'Ready or Not' and Horror's Next Frontier
Ready or Not may not have burned up the box office over the weekend, given the horror-comedy from Fox Searchlight finished in sixth place, taking home $7.6 million, which was less than projected. But does that mean it was a failure? The film from directors Matt Bettinelli-Olpin and Tyler Gillett was a hit with critics and received buzz when the first trailer was released in June, and it became a must-see for many horror fans after its premiere at the Fantasia International Film Festival in July. It also marked what seemed like a potential new path for Fox Searchlight, now owned by Disney, as a horror hub.
Horror is one of the only genres in which an original film is still able to take a bite out of the big-budget, franchise-dominated box office. Cost-effective and typically leggy, horror has become a reliable and bankable way for studios to populate their release schedules. A number of the major studios have created or partnered with production companies in order to establish film divisions that deal almost exclusively in horror and thriller movies. Warner Bros. has New Line and Dark Castle; Universal formerly had Rogue and now frequently pairs with Blumhouse; Sony has Screen Gems and a partnership with Ghost House; and Paramount has built a long-standing, though not exclusive, relationship with Platinum Dunes. As the landscape of Hollywood continues to shift and IP becomes increasingly important to major studios, it wouldn’t be surprising for more studio horror to find sanctuary within these partnerships. Notably absent from these ventures is Disney, but there may be a way for the studio to make its own mark on horror, a genre never lacking for new ideas and possibilities.
Heat Vision breakdown
Disney’s plans for 20th Century Fox’s major IP is coming into focus, with the future of Avatar, Kingsman, X-Men, Planet of the Apes and even Home Alone being developed for future theatrical and Disney+ releases. But as The Hollywood Reporter reported earlier this month, Disney is paring down on Fox’s features, ones that seemingly aren’t guaranteed to be financial hits or fit within the desires of the brand. Amidst a number of scrapped projects that were in development, such as Mouse Guard, and rescheduled films like The Woman in the Window, CEO Bob Iger said during an investors' call that Disney was working “to consolidate and to cut back on the number of releases so as to focus on the kind of release that we hope would come out of that studio."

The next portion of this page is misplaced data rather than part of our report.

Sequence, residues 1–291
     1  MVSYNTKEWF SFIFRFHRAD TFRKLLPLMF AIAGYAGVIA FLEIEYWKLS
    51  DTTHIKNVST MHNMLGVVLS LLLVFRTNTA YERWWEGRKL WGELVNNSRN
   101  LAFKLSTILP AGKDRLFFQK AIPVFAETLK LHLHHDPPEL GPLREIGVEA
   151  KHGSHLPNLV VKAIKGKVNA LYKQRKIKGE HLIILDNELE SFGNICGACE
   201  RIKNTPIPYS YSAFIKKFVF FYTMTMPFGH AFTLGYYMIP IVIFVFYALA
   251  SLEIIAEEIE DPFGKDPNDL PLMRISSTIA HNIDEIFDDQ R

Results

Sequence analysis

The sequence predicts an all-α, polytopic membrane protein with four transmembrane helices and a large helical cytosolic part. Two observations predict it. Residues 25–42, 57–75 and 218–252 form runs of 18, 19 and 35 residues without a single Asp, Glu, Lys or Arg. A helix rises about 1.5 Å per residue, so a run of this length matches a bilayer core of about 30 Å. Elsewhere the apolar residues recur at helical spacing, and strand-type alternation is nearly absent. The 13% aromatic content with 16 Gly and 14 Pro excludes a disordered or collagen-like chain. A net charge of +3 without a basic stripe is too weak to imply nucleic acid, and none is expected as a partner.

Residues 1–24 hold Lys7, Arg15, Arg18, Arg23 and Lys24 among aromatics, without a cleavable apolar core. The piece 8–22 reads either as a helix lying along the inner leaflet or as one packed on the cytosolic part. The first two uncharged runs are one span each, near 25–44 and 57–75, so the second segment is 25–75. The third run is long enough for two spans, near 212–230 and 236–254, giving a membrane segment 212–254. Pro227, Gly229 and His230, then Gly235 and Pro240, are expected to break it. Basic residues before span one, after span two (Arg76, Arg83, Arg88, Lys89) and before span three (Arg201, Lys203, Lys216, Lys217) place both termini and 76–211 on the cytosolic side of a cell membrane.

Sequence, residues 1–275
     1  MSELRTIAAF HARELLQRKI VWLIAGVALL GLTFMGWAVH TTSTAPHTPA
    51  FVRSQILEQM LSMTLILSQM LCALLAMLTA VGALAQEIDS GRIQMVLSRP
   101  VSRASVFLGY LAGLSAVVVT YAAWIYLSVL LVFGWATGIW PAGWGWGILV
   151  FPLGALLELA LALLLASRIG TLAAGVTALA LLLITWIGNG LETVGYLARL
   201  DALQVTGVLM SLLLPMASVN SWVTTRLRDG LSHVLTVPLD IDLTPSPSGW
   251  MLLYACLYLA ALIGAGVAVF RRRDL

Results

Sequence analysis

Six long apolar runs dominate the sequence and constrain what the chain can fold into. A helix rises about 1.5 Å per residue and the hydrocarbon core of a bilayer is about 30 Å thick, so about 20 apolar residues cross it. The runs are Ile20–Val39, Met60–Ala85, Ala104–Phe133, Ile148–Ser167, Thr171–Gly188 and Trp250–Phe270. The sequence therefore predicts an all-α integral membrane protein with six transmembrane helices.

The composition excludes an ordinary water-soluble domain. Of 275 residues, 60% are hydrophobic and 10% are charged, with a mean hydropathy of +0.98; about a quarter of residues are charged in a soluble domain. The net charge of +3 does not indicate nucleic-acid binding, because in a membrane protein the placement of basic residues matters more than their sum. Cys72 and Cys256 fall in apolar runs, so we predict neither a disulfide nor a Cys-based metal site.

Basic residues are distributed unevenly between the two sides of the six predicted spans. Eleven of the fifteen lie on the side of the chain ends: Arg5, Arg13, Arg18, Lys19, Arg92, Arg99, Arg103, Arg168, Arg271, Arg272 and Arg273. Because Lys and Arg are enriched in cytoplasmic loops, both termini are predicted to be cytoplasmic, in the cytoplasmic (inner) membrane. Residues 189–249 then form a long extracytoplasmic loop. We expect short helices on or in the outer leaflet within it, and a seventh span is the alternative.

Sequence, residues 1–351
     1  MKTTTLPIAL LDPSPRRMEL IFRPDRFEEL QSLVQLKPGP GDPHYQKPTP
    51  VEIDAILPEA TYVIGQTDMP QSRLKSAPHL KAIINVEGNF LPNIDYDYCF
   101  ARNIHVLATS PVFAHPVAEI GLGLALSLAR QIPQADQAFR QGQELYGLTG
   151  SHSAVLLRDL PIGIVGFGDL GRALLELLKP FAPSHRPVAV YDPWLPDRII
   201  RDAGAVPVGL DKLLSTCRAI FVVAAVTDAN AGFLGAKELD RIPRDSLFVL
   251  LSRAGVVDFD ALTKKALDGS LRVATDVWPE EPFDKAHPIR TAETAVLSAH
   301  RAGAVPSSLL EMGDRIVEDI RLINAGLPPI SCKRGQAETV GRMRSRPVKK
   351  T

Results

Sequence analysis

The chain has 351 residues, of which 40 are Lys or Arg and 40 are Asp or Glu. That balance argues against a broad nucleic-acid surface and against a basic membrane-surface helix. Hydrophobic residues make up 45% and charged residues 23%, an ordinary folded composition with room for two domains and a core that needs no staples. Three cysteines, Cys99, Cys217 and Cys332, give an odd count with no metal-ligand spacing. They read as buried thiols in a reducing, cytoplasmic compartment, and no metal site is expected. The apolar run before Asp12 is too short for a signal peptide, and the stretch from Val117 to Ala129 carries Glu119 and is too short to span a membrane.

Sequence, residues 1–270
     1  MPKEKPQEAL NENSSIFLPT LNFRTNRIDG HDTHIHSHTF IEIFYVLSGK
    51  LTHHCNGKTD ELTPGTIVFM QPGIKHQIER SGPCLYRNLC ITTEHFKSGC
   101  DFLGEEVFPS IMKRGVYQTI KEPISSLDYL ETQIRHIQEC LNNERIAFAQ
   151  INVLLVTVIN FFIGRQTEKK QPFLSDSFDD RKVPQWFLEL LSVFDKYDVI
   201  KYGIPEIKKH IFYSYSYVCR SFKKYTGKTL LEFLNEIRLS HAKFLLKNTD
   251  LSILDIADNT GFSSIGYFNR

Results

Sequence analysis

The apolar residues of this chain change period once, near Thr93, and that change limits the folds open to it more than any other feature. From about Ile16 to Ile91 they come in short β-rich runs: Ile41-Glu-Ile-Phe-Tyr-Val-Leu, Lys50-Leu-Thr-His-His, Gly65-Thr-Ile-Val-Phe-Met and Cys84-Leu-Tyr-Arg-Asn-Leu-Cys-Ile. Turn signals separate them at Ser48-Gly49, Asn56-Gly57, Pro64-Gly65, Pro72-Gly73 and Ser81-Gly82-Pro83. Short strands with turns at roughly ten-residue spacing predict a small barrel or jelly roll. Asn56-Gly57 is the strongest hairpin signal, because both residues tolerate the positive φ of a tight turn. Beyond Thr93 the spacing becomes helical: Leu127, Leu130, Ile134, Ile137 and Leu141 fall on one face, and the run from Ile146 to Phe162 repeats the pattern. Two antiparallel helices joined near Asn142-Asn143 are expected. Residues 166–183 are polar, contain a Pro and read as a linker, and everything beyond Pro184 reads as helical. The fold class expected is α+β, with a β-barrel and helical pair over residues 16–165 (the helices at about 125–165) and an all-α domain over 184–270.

When it came to Fox Searchlight, known for specializing in the distribution of indie films, niche genres and European productions, Iger said it will "continue to make the prestige films it’s known for, while expanding its high-quality original storytelling into the [direct-to-consumer] space." But the reality is that Fox Searchlight’s releases are not in Disney’s comfort zone, and the cost and return on those films is often negligible in the scheme of Disney’s high-profile offerings.
The question is whether filmmakers known for their auteur-driven movies will still find a home at Fox Searchlight, under scrutiny and efforts for Disney to preserve an image that’s become all the more family-friendly since the days of Touchstone. Terrence Malick's A Hidden Life and Wes Anderson’s The French Dispatch are two of the major releases coming from Fox Searchlight — major for film enthusiasts, that is. But short of Oscar wins, it’s hard not to wonder whether Disney will maintain interest in distributing those kinds of films and paying for marketing that doesn’t draw the crowd it is used to seeing. Horror could be the very thing that keeps Fox Searchlight going and permits Disney a greater freedom with its adult fare.
Last week, the trailers for 20th Century Fox and Fox Searchlight’s upcoming horror films Underwater and Antlers were released, with both drawing a sizeable amount of interest and excitement. The former stars Kristen Stewart and looks to revive the long-dormant creature-feature aquatic horror that had its heyday in 1989 with The Abyss, Leviathan and DeepStar Six, while Antlers, from director Scott Cooper and producer Guillermo del Toro, explores supernatural horror in a small town in Oregon. The likelihood that either is being primed as a franchise starter seems slim, but both look like films that could find an audience. As fear looms that Fox Searchlight will eventually be forced to shutter its doors and the question of what purpose the 20th Century Fox label will serve for Disney lingers, perhaps fear is the very thing that will define the smaller Fox label and be bolstered by abandoned 20th Century Fox projects.
While it’s unlikely that Fox Searchlight will cater exclusively to darker genre fare anytime soon, that identity may be its future, especially if the box office grosses of Underwater or Antlers prove their viability within Disney’s new identity better than Ready or Not. Nearly every major studio, as invested as they’ve become in blockbuster franchises, has found a home for horror and built up a more diverse array of filmmakers because of it. As Disney’s critics grow increasingly wary about its lack of output of low-budget, original films and its lack of diversity behind the camera, creating a house of horrors within the grand and looming Mouse House could be the thing that proves the studio really is interested in diversifying its output and audience.
by Richard Newby
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